Royal Naval Biography/Brace, Edward


EDWARD BRACE, Esq
[Post-Captain of 1800.]

A Companion of the most Honorable Military Order of the Bath; and a Knight of the Royal Orders of Charles III. of Spain; St. Maurice and St. Lazarus, of Sardinia; and Wilhelm of the Netherlands.

This officer is a son of Francis Brace, of Stagbatch, co. Hereford, Esq. He entered the navy when extremely young, about the year 1781; and after visiting the West Indies, where he served under Captains Macbride and Pakenham, proceeded with Commodore Cornwallis, in the Crown of 64 guns, to the East India station; from whence he returned as a Lieutenant of the Ariel sloop, in the autumn of 1792, after an absence of nearly four years.

On the 13th May, 1793, the Iris, a 32-gun frigate, to which Mr. Brace had previously been appointed, fell in with, and engaged a French ship of superior force; but owing to the loss of her fore and mizen-lower-masts, and main-top-mast, had the mortification to see the enemy escape. The Iris on this occasion had 5 men killed and about 30 wounded.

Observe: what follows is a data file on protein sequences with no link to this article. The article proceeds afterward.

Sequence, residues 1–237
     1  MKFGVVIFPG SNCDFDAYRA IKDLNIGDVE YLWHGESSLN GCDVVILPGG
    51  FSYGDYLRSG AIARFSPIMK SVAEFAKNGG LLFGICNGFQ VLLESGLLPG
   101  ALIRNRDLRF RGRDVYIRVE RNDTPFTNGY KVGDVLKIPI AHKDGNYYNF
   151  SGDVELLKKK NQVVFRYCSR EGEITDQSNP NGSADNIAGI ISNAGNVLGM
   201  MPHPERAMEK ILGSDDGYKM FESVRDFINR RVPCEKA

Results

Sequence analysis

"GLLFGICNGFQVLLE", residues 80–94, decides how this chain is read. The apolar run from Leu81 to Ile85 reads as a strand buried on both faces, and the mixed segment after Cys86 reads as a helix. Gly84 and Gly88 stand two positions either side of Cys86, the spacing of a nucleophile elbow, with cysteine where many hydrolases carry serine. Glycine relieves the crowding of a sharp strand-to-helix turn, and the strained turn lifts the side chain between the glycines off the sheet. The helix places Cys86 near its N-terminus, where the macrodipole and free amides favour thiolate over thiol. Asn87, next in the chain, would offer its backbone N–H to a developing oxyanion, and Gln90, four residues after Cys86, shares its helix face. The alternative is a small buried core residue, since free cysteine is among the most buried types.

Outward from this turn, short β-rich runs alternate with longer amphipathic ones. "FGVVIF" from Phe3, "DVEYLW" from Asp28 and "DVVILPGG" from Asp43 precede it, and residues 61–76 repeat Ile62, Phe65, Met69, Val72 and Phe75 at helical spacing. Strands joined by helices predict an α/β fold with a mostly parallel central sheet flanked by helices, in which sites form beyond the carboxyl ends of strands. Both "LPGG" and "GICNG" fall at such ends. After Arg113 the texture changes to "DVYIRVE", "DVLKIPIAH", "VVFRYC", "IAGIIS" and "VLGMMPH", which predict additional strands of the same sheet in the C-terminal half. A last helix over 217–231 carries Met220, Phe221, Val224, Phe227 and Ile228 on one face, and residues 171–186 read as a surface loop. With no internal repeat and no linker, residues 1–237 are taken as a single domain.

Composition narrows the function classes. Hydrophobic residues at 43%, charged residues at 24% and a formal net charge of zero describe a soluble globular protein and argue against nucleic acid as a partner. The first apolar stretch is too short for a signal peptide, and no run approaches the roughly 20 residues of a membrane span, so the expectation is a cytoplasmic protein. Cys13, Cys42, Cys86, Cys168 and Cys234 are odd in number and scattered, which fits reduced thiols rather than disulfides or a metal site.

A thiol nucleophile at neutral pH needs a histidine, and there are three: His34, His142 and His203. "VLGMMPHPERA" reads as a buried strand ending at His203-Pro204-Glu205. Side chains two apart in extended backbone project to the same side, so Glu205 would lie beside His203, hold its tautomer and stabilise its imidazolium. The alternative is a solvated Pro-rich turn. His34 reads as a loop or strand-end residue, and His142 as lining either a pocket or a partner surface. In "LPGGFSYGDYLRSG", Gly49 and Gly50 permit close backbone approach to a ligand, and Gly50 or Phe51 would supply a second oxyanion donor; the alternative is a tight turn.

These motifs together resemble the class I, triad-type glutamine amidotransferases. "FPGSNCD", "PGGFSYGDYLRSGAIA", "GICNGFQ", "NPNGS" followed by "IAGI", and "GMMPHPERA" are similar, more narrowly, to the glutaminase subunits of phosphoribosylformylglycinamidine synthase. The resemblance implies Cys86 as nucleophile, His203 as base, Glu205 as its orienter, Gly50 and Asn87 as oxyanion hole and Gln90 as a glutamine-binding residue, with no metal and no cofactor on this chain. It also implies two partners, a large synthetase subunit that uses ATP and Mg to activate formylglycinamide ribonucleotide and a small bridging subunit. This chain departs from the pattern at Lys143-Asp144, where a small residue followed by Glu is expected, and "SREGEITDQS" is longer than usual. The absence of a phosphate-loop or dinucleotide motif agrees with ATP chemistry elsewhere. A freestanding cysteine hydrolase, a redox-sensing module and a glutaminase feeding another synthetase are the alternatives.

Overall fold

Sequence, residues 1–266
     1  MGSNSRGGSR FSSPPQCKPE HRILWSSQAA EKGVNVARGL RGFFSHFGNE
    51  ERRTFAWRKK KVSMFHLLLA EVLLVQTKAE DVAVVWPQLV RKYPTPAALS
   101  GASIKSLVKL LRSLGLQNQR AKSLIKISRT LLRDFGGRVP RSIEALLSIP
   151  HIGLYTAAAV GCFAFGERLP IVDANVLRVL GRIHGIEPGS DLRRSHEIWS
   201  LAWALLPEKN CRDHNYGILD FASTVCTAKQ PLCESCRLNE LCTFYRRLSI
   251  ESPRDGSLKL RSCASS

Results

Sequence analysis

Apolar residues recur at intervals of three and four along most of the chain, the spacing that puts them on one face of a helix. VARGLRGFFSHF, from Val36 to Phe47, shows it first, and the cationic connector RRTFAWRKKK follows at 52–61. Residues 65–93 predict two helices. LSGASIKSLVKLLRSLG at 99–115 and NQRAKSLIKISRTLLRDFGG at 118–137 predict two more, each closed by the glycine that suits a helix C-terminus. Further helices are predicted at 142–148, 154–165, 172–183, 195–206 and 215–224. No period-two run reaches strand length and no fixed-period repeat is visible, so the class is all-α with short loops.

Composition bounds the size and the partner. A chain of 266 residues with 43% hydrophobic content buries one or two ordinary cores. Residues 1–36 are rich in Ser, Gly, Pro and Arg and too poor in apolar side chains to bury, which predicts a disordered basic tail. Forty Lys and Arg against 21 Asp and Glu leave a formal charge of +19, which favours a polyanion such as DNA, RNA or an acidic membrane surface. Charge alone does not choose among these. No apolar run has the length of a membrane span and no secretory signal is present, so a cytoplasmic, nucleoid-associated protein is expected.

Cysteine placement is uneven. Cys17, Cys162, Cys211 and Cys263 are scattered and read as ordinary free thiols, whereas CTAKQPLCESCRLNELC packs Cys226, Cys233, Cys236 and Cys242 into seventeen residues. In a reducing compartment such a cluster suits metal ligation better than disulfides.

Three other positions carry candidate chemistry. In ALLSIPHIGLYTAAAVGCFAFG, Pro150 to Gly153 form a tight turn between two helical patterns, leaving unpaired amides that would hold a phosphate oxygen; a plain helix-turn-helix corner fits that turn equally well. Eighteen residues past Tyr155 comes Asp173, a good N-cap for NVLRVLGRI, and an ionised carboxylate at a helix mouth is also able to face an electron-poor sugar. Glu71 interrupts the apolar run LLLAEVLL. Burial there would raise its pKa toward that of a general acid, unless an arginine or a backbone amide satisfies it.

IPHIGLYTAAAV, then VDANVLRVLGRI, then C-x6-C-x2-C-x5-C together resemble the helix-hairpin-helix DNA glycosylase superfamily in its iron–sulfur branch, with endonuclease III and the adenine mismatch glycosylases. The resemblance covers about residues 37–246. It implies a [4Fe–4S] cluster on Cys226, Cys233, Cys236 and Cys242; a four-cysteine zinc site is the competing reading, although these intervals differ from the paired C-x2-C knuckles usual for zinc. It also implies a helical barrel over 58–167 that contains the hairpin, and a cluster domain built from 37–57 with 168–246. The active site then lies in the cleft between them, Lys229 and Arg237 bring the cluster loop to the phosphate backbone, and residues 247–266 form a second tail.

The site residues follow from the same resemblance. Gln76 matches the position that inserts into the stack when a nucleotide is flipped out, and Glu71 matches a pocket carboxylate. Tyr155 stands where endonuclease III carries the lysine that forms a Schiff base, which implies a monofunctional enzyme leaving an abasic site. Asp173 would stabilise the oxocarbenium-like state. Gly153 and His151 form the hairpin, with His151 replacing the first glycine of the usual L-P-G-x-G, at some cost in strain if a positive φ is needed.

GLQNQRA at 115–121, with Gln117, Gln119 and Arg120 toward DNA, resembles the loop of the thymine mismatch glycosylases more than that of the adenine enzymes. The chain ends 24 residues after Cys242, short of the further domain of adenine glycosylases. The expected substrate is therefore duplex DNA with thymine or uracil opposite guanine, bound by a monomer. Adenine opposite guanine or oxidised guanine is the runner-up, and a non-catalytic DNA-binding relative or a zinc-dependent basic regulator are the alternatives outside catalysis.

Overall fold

Mr. Brace subsequently removed with Captain Lumsdaine into the Polyphemus 64; and was first Lieutenant of that ship at the capture of la Tortue of 44 guns, having on board a considerable number of troops, Jan. 5, 1797. In the ensuing summer we find him commanding the Kangaroo of 18 guns on the Irish station; where he rendered essential service to the country, by beating out of Cork harbour during a heavy gale of wind, and conveying information to the different cruisers on the coast, of M. Bompard’s approach with a formidable French squadron, which was consequently encountered and defeated by Sir John Borlase Warren, on the 12th Oct. 1798[1].

We have already shewn in what manner seven of M. Bompard’s ships were disposed of[2]; and alluded to the drubbing which one of them received from an English frigate of far inferior force, previous to her capture: but having omitted to notice the zeal and gallantry displayed by Captain Brace on that occasion, we gladly avail ourselves of this opportunity to do so, taking Captain Newman’s official letter as our guide.